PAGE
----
What is PTFE?
Polytetrafluoroethylene (PTFE) is a synthetic fluoropolymer of tetrafluoroethylene that has numerous applications. The well-known brand name of PTFE-based formulas is Teflon by Chemours. Chemours was a spin-off from DuPont, which originally discovered the compound in 1938. Another popular brand name of PTFE is Syncolon by Synco Chemical Corporation.
PTFE is a fluorocarbon solid, as it is a high molecular weight compound consisting wholly of carbon and fluorine. PTFE is hydrophobic: neither water nor water-containing substances wet PTFE, as fluorocarbons demonstrate mitigated London dispersion forces due to the high electronegativity of fluorine. PTFE has one of the lowest coefficients of friction of any solid.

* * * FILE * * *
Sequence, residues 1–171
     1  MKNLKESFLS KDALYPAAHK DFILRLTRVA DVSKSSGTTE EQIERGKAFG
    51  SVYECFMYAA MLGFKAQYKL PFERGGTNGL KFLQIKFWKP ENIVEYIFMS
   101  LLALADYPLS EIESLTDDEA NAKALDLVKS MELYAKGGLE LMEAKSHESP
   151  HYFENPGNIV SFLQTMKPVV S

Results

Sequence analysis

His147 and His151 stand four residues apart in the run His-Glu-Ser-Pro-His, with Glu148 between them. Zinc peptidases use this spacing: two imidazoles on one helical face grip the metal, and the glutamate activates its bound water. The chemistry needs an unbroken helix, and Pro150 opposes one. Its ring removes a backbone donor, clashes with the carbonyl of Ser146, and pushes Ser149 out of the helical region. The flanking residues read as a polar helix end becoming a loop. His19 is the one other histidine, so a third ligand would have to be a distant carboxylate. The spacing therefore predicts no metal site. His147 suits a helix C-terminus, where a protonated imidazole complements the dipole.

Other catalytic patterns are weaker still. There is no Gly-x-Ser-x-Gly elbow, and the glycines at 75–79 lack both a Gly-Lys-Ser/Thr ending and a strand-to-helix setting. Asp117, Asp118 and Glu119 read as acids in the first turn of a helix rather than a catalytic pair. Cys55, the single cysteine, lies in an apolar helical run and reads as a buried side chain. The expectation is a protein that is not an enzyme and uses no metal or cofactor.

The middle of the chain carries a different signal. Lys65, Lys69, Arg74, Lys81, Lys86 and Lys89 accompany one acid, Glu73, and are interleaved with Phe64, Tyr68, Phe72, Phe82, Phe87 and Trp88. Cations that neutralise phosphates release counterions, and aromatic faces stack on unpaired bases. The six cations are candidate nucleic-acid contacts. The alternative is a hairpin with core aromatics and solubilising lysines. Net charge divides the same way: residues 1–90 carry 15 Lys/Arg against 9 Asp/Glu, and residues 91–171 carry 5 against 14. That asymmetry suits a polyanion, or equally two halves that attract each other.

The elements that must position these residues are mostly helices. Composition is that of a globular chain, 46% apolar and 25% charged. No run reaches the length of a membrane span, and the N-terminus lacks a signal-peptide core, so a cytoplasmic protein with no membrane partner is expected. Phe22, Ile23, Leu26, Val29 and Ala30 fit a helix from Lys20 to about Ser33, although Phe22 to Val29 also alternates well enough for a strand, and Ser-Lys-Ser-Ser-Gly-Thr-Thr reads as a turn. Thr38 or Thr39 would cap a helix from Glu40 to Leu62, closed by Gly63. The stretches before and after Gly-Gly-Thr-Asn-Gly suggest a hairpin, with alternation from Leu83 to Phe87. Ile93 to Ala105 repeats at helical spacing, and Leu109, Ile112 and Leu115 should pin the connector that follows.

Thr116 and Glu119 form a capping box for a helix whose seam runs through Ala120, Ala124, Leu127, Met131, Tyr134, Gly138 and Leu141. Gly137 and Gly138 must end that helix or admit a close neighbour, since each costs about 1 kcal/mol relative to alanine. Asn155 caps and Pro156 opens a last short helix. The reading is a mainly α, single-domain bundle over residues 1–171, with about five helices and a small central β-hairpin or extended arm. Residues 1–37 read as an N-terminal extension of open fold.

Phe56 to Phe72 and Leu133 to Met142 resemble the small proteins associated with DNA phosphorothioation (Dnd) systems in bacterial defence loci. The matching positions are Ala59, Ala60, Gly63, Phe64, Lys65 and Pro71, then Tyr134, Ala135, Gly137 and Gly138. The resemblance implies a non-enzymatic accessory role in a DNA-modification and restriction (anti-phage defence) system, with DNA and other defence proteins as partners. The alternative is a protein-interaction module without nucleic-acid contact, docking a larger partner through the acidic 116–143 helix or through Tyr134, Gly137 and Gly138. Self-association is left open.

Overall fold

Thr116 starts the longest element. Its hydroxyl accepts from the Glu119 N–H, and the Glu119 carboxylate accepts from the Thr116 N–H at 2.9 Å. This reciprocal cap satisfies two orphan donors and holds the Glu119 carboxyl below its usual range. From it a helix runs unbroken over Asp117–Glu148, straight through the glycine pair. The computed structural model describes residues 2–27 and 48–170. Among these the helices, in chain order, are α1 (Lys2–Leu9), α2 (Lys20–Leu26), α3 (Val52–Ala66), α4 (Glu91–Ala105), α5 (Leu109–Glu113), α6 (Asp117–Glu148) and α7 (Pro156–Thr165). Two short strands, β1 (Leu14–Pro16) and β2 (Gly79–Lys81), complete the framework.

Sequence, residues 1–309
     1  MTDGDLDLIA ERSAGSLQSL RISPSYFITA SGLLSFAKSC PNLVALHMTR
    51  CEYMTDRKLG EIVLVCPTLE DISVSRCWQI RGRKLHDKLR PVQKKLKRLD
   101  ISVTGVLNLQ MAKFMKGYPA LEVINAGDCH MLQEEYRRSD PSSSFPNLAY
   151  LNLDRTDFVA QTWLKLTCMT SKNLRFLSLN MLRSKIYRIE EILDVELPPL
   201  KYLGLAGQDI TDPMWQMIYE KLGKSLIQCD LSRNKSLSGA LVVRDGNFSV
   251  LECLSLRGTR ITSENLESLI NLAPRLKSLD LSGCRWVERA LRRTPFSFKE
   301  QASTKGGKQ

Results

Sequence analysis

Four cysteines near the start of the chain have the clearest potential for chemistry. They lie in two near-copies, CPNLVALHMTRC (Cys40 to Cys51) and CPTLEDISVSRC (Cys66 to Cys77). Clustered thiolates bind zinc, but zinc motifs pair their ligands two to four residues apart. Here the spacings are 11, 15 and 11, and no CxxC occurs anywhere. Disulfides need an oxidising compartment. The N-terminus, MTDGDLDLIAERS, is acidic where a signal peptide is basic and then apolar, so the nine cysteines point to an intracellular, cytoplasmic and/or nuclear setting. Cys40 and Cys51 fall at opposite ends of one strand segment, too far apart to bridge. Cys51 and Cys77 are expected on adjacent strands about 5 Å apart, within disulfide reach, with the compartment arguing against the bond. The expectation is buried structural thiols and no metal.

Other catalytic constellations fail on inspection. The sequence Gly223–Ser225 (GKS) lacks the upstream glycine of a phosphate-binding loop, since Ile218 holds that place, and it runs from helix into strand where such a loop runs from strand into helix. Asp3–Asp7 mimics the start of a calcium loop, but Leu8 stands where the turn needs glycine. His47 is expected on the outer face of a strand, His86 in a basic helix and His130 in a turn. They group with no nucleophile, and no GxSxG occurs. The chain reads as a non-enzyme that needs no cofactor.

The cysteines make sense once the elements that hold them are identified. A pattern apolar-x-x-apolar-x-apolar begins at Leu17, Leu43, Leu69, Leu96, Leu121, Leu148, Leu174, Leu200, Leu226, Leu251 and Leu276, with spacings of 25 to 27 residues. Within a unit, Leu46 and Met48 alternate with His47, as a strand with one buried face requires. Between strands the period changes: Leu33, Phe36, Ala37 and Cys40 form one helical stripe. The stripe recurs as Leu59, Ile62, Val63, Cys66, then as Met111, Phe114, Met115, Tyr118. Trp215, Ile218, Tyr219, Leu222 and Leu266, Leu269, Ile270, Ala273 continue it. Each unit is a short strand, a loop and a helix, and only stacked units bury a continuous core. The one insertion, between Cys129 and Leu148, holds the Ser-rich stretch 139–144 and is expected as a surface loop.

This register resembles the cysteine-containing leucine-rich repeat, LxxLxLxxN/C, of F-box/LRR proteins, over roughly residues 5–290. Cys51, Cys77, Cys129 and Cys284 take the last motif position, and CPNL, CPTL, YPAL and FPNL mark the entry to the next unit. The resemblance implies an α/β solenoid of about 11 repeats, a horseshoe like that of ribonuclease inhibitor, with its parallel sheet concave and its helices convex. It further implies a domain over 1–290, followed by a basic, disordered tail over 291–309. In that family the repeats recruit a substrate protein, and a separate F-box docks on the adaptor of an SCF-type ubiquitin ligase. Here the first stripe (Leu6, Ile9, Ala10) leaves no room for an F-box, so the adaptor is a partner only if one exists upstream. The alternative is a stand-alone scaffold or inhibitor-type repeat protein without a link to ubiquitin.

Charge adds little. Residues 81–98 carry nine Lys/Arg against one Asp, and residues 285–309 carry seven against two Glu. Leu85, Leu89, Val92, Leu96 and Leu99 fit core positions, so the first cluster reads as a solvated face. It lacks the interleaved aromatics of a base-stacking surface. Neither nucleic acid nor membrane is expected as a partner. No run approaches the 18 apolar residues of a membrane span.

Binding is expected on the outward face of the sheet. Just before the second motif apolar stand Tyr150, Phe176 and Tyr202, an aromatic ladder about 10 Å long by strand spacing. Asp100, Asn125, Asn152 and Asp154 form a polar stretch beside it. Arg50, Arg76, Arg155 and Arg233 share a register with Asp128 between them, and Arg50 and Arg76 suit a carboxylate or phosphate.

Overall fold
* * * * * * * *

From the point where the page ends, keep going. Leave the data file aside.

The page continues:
PTFE is used as a non-stick coating for pans and other cookware. It is nonreactive, partly because of the strength of carbon-fluorine bonds, and so it is often used in containers and pipework for reactive and corrosive chemicals. Where used as a lubricant, PTFE reduces friction, wear, and energy consumption of machinery. It is commonly used as a graft material in surgical interventions. It is also frequently employed as coating on catheters; this interferes with the ability of bacteria and other infectious agents to adhere to catheters and cause hospital-acquired infections.
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